Cancer experts swap notes in Noosa meet

NOOSA could hold the key to finding a cure for leukaemia.

The world's foremost specialists in leukaemia have congregated in Noosa for what's tipped to be "one of the best" pioneering cancer research meetings.

It is the sixth New Directions in Leukaemia Research meeting and more than 200 international and Australian researchers will hear the latest findings into the blood cancer.

The last meeting was in 2014 and was described by Professor Charles Mullighan as "one of the best".

In addition, the meeting will cover other serious illness such as myelodysplastic syndrome and myeloma.

Leukaemia Foundation head of research and advocacy, Dr Anna Williamson said the understanding of blood cancers was more advanced at the "molecular level" than any other solid tumours.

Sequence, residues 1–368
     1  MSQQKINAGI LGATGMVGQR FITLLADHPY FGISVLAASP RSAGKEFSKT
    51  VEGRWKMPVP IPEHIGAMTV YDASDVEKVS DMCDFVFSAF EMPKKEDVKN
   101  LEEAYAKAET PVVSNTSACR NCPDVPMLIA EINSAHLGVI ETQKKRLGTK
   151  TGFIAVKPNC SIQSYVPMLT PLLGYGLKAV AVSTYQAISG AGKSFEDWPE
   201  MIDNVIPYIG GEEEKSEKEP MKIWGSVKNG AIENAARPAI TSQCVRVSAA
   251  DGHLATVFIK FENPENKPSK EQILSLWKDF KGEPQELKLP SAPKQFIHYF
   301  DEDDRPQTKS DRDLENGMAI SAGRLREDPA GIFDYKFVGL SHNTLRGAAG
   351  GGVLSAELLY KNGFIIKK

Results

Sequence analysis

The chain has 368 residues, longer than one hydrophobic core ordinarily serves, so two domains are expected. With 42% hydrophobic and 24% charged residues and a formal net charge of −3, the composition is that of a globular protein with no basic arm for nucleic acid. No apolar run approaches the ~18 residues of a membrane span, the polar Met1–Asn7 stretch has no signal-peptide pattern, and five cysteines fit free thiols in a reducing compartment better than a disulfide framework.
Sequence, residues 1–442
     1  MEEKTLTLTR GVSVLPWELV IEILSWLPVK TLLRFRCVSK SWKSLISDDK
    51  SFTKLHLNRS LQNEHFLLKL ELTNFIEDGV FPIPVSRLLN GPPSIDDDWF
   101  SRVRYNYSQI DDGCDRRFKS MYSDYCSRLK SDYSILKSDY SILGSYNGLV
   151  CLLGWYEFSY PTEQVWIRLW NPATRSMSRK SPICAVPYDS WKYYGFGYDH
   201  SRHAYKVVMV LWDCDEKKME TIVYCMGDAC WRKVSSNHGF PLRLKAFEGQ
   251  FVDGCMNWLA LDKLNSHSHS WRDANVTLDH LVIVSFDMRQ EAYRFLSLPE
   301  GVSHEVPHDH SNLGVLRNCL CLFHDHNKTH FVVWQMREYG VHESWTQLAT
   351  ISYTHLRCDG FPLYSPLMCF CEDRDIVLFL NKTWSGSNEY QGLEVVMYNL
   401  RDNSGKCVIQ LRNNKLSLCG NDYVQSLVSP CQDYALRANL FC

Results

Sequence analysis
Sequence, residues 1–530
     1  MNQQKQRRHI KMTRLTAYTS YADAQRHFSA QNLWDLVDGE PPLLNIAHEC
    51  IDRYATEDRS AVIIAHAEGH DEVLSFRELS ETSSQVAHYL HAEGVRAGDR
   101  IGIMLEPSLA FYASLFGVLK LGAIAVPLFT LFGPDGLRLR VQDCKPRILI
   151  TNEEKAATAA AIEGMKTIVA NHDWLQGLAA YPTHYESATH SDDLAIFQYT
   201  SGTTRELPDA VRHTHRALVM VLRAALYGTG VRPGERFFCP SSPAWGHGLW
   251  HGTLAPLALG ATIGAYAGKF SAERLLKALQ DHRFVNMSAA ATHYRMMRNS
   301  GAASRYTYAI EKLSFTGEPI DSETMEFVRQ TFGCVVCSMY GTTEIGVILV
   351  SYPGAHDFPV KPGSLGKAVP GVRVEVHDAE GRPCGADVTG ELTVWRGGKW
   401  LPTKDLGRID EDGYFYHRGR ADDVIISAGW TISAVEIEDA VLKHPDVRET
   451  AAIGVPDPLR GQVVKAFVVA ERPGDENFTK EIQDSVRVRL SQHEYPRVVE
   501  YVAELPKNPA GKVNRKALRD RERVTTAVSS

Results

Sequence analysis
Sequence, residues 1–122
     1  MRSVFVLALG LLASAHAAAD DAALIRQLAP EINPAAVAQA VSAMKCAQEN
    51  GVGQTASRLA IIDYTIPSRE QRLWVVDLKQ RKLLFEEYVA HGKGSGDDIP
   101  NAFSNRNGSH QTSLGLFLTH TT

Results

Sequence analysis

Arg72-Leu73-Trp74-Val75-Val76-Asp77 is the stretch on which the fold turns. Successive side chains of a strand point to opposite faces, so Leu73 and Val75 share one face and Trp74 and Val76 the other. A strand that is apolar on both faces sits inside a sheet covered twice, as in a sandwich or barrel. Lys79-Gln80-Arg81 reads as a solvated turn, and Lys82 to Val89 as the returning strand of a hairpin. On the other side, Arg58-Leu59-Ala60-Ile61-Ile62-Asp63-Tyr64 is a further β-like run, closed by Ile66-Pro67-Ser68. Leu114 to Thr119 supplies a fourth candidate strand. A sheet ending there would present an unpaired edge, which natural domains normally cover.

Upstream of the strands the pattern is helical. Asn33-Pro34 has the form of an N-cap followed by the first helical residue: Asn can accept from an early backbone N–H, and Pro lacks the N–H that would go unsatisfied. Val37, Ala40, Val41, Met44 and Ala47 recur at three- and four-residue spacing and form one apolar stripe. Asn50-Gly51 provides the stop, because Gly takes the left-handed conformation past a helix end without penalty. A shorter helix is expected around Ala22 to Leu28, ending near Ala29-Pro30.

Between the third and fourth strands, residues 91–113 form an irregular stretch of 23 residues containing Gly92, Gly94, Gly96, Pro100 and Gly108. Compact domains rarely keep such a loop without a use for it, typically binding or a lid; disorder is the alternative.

The benefits of immunotherapy, a more subtle approach to killing cancer, would also be looked at.

"It works by getting the naturally occurring defences against cancer working again, then hopefully they will continue to work and keep the cancer under control or eradicate it," Dr Williamson said.

Leukaemia research has been the pioneer that has guided a lot of other research.

"The first genetic abnormality that was discovered to cause a cancer was in a leukaemia," Dr Williamson said.

This discovery has driven a raft of therapies called 'targeted therapies' across all cancers.

"All this research shows the amazing complexity of our bodies.

"By profiling cancer genes and the factors that impact on them, we can search databases to find existing or new therapies."

The meeting is unique as it "builds a bridge between the laboratory scientists, the clinical researchers and clinicians treating patients". "It's a conscious effort to bring this group together in a setting that provides a lot of opportunities for networking," she said.



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